“You’re obviously more than a 650 word essay.”

Next comes arguably the hardest part of the college process, personal essays and supplements. Trying to prove yourself in 650 words or less on the Common Application, and then trying not to repeat yourself in your supplements can seem near impossible. You’ve never tried improv, you’re not sure if it really is easy being green, and you’re pretty sure no one knows where Waldo really is (these are actual prompts; See Business Insider’s The 15 Most Ridiculous College Application Questions). However, these things are likely simpler than you may think. “Common App prompts have been the same forever,” explains Cogliano, “You’re obviously more than a 650 word essay.” What people often forget is you’re meant to write a personal essay, not merely an academic one. It’s important to remember that while you have probably- been following the same ‘topic —> evidence —> analysis’ format since the beginning of your academic career, the personal essay is meant to reflect your personality and thought process, not how well you can support an argument about your own character traits or eligibility for a college. “There are real people reading your application and your essay, wanting to get to know you,” said Ms. Darby McHugh, Bronx Science guidance counselor. “Be careful and start writing early—and editing and rewriting.”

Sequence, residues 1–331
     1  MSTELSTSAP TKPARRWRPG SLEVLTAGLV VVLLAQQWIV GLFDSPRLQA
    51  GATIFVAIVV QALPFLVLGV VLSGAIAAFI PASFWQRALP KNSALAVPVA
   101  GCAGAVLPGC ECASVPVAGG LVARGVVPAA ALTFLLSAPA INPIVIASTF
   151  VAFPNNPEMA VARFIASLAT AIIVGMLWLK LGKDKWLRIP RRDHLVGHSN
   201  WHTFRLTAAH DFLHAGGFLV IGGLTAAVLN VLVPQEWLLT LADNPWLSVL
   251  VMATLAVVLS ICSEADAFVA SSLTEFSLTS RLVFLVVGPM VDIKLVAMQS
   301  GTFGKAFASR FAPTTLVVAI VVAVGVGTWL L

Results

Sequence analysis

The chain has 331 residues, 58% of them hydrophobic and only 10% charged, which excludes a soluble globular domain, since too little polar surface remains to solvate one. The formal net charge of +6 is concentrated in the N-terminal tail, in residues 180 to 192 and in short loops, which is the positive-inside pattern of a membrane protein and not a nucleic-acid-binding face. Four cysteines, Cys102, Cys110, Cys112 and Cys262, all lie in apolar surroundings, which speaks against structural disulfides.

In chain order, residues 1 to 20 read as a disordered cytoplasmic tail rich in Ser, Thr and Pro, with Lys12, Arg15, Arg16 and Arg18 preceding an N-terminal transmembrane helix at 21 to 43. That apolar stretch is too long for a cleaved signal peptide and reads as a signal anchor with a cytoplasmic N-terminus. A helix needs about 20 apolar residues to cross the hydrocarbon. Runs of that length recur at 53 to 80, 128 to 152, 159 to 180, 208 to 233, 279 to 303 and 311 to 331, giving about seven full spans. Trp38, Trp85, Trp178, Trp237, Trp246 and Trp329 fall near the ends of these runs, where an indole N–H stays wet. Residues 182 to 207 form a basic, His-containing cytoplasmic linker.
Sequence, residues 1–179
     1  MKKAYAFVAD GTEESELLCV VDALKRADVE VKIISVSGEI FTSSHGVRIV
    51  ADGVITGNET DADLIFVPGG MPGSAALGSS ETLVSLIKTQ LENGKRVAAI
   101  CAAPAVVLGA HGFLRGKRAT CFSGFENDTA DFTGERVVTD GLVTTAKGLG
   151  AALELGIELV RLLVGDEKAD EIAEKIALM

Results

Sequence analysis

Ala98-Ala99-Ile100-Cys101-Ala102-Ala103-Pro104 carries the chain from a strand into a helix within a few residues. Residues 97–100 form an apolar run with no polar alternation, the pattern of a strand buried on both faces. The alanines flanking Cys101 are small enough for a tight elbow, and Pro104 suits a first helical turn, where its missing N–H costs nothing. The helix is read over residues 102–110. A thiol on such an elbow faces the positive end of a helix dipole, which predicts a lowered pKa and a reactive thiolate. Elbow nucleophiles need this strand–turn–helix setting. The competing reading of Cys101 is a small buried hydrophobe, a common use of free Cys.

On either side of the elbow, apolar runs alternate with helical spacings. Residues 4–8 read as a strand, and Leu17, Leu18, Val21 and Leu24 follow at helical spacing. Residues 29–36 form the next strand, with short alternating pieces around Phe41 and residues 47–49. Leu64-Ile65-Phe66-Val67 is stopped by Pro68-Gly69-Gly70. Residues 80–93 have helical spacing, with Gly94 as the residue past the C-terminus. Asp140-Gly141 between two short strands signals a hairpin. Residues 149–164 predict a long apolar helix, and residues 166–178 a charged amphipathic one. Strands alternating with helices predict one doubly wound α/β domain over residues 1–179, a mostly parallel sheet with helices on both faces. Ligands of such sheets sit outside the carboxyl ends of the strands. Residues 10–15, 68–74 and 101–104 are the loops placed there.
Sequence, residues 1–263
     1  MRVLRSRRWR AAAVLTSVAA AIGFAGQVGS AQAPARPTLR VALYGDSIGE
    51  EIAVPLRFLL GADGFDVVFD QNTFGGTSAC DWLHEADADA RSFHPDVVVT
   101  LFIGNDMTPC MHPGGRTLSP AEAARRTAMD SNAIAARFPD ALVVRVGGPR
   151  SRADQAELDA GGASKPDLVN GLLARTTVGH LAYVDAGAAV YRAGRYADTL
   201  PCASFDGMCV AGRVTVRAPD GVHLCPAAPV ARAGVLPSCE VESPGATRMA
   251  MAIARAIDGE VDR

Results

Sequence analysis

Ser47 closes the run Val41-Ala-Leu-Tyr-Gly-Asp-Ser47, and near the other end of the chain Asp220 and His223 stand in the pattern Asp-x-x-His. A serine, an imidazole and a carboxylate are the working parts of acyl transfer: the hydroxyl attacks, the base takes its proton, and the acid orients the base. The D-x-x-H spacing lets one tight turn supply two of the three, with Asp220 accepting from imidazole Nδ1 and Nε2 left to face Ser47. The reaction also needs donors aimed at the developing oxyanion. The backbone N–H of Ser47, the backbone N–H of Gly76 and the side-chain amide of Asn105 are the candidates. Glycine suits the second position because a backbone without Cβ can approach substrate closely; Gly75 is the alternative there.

While the actual content of your application is top priority, one of the most important aspects of the college process that’s often overlooked is organization. While you may feel like there’s too much to do and too little time, it’s important to at least dedicate a general time frame to certain tasks. Maybe one week you’ll work on your recommendation questionnaires, and the next you’ll focus on your supplements. Maybe you’ll draft your Common App essay over the weekend, then have it looked at by a teacher the following Monday.